Based on the bestselling book by Bryan Stevenson, the film Just Mercy presents the stunning and true story of Walter McMillian, a Black man convicted and sentenced to death in Alabama in 1988 for a crime he did not commit. The film illustrates the structural racism endemic to our capital punishment system, and lays bare how this system devalues and cheapens all human life.
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Through a series of thoughtful reflection questions and supplementary resources online, this study guide serves as an accompaniment to the film Just Mercy and offers viewers a way to explore the Catholic call to uphold the sanctity of life within the U.S. criminal legal system.
1. Was there a specific scene in the film that you found gripping, interesting, or unexpected? Which scene was it, and why? 2. Was there a character in the film you particularly identified with? If so, why? 3. Did you find any examples of hope, resilience, or redemption in the film? Where? 4. The film does not feature the perspectives of the family of the victim, Ronda Morrison. What do you think they were feeling during the appeals of the case?
The Death Penalty and our Faith
1. Before watching Just Mercy, what did you think about the death penalty? Has your sense of it changed? If so, how? 2. How does your Catholic faith influence your opinion of the death penalty? 3. As Catholics, we are called to uphold a consistent ethic of life, regardless of whether a person is innocent or guilty. Describe how this makes you feel. Would you have felt differently about Walter’s death sentence if he had been guilty of the crime?
Our Broken Criminal Legal System
1. In the film, during a conversation between Walter and Bryan, Walter says “In Alabama [...] you’re guilty from the moment you’re born.” What do you think he meant by that statement? 2. Throughout Just Mercy there are many examples of oppression (systemic racism, poverty, lack of mental health services, and others). How might things have turned out differently for the men on death row had they not faced such barriers? 3. Our country’s traditional legal system tends to focus solely on which law was broken, who is guilty, and how they should be punished. Does this way of addressing crime and harm reflect our Gospel values? If not, why not?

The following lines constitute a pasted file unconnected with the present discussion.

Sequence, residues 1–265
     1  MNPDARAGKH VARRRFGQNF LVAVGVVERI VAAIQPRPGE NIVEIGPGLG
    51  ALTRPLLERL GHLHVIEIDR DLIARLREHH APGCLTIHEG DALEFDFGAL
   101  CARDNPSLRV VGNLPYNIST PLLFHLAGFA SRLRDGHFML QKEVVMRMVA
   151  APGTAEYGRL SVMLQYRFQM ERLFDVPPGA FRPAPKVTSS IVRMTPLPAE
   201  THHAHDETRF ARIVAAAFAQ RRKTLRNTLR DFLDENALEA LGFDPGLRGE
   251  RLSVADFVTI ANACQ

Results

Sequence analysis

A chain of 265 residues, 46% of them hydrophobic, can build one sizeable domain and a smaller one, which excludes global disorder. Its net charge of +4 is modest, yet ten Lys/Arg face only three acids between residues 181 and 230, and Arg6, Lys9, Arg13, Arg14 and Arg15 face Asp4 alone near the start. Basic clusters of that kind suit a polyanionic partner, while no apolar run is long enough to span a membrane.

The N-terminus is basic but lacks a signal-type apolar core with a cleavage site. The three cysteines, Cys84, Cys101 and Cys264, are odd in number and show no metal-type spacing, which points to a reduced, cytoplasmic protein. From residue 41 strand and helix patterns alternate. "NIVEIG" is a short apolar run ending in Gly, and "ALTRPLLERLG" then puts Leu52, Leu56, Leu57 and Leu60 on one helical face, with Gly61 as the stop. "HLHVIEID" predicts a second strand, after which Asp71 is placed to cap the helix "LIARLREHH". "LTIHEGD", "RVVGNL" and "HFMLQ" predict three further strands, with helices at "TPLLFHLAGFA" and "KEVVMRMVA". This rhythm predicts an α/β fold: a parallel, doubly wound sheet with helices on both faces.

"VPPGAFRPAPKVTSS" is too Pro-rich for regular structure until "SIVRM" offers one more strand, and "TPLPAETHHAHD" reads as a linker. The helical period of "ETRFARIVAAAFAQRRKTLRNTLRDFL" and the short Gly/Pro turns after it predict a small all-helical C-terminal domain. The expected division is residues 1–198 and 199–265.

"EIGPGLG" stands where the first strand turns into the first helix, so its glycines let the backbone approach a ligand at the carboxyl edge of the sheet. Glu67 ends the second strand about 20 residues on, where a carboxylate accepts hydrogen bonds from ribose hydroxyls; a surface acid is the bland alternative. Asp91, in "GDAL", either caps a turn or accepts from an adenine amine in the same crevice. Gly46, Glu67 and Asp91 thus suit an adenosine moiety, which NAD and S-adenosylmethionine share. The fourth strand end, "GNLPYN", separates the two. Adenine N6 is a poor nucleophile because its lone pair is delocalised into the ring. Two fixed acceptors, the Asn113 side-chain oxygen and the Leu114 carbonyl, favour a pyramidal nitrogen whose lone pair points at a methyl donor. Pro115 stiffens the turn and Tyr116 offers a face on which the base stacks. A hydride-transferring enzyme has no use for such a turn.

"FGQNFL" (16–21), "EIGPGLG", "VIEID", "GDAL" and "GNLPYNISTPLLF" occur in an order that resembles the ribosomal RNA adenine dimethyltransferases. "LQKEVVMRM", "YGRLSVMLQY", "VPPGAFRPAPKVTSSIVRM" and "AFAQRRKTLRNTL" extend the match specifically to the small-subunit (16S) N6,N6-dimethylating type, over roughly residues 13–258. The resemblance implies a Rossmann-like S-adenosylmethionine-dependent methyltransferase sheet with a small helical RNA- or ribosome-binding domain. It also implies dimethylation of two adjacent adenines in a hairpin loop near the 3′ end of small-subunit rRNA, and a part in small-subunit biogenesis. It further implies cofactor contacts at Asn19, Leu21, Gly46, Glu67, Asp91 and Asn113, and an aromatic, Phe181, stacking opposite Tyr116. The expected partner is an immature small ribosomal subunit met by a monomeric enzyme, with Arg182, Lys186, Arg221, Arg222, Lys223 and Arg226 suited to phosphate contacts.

"Encounter, Accompany, Listen, Learn": Pope Francis and U.S. Bishops Respond to George Floyd's Killing
Racism is a wound—one that remains infected and unhealed in our society, as recently evidenced by the May 25, 2020 killing of George Floyd by a Minneapolis police officer. In this video, hear how Pope Francis and U.S. Bishops responded to the act of racial violence, and how all people of goodwill are called to engage in the work of anti-racism.
"Consequently, the Church teaches, in the light of the Gospel, that 'the death penalty is inadmissible because it is an attack on the inviolability and dignity of the person,' and she works with determination for its abolition worldwide."
"Too many good and faithful Catholics remain unaware of the connection between institutional racism and the continued erosion of the sanctity of life. We are not finished with the work. The evil of racism festers in part because, as a nation, there has been very limited formal acknowledgement of the harm done to so many, no moment of atonement, no national process of reconciliation and, all too often a neglect of our history"
In the eyes of the Church, both capital punishment and racism are considered life issues of great importance, due to the manner in which they violate human dignity. Consider the following statements:
1999 - “I renew the appeal [for]... for a consensus to end the death penalty, which is both cruel and unnessary.” - St. John Paul II (St. Louis, Missouri, January 27, 1999)
2011 - “Society’s leaders should make every effort to eliminate the death penalty.” - Pope Benedict XVI (Benin, Africa, Nov. 19, 2011)
2015 - “Every life is sacred, every human person is endowed with an inalienable dignity, and society can only benefit from the rehabilitation of those convicted of crimes.” - Pope Francis (Washington, D.C., September 24, 2015)